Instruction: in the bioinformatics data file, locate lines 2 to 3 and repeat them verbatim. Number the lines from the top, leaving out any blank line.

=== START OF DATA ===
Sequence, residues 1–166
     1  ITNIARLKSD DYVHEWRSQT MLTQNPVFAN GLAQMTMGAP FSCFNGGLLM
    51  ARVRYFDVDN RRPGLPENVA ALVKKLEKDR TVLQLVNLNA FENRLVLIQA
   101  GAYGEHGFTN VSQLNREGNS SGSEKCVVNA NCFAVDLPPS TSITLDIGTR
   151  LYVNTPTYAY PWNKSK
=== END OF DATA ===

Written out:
     1  ITNIARLKSD DYVHEWRSQT MLTQNPVFAN GLAQMTMGAP FSCFNGGLLM
    51  ARVRYFDVDN RRPGLPENVA ALVKKLEKDR TVLQLVNLNA FENRLVLIQA